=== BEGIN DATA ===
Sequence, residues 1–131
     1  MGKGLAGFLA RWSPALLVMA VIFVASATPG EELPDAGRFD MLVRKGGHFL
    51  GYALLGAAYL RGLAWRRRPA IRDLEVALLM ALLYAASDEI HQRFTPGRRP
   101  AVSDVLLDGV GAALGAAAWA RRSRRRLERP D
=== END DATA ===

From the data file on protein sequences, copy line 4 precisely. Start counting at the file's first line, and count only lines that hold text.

   101  AVSDVLLDGV GAALGAAAWA RRSRRRLERP D